Secret Polyamory: A Single Girl’s Response

I have noticed a new trend in my on-line dating life: being approached by a guy in an open marriage.

It’s supposed to be different from cheating because his wife knows that he’s dating, approves of it, supports it, and is dating other partners herself.

How nice for them!

Here is the series of questions I ask Open Marriage Guy when I am approached to become part of his wonderfully free, polyamorous* lifestyle:

1. Do you think there is any difference in social status between you, Married Man, and me, Single Girl? In other words, have you considered all the social benefits that are conferred upon you by virtue of the fact that you have a ring on your finger?

If you haven’t considered this, let me prompt you. Marriage is regarded by our society to be a marker of maturity, stability, faithfulness and good citizenship. Single adults are regarded by our society to be sad,  incomplete, yearning, relationship failures, or rejects.

Do you therefore intend to make up for this status differential by informing your family, friends, professional colleagues and neighbors that you’re polyamorous? If not, why not?

Because it benefits you to look like a stable, monogamous married and family guy, right?

2.  You tell me that you have real love and commitment to offer in the event that we get intimately involved. You tell me that I seem like an amazing woman and that both you and your wife would cherish having me as part of your circle of intimacy.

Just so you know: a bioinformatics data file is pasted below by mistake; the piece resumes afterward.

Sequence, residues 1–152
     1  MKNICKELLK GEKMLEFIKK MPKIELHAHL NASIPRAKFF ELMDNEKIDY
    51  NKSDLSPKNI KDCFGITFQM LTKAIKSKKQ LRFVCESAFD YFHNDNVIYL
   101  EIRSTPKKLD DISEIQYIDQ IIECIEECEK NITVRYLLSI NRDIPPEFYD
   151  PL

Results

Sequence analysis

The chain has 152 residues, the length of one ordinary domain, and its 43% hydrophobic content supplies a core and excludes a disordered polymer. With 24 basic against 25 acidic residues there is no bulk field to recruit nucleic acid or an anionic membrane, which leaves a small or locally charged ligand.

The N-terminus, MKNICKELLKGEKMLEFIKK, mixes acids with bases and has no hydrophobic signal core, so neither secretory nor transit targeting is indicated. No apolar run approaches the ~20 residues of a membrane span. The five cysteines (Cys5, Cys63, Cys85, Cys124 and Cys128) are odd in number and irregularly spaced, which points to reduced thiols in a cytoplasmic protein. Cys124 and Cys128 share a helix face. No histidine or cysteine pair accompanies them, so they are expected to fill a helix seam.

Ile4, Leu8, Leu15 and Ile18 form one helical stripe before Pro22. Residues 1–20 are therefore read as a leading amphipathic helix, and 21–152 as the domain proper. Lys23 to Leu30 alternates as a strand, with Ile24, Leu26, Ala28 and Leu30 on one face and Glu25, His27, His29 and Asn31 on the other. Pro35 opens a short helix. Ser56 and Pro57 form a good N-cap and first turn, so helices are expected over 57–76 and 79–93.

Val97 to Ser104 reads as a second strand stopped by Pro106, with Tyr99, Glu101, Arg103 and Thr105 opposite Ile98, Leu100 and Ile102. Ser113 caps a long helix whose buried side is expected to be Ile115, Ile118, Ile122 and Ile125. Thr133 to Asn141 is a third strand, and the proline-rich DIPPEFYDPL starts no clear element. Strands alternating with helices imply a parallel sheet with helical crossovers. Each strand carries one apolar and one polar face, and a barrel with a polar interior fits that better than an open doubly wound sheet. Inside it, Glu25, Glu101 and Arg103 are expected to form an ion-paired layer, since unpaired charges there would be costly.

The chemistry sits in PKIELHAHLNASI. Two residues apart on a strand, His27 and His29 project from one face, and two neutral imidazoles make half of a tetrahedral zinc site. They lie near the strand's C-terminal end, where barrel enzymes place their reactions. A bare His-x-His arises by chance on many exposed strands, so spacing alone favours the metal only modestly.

Thank you for the compliment, but I have more questions:

First of all, you don’t know me. You do understand that you’ve basically gone shopping for someone to introduce into your romantic life, right? And propositioned me to enter into an arrangement that benefits you but has no long term prospects for me, right? I haven’t identified as poly and you’re trying to sell me on this?

That’s not love. That’s commerce.

How does this love and commitment work, exactly? You two share a familial home with children and a separate circle of friends and family. Will I be welcome to come hang out, share meals, watch movies, and sleep over? If not, are you them presuming that I will be hosting all of our sexy get-togethers at my home?

Of course you are.

If not, then how will you explain my presence to the children? “Auntie Victoria is going to spend the night tonight! She and Daddy are special friends so they’ll be sharing a bedroom.” Really? Oh, you would just lie to your children to preserve the status quo, to raise them in a deceitful environment? What a great parenting strategy.

No, you weren’t going to ever introduce me to the kids at all, of course. Because what you’re looking for is an opportunity to treat me like a consumer item — a marital aid to generate more love, care, sex, fun and intensity for you while not at all being there for me in any substantive way.

3. About that “love and commitment” stuff, I was wondering:

When your mother-in-law needs to be picked up from the airport on a day for which we have made plans (tr: you and your wife have worked your playmates into your schedule), who’s going to get canceled on?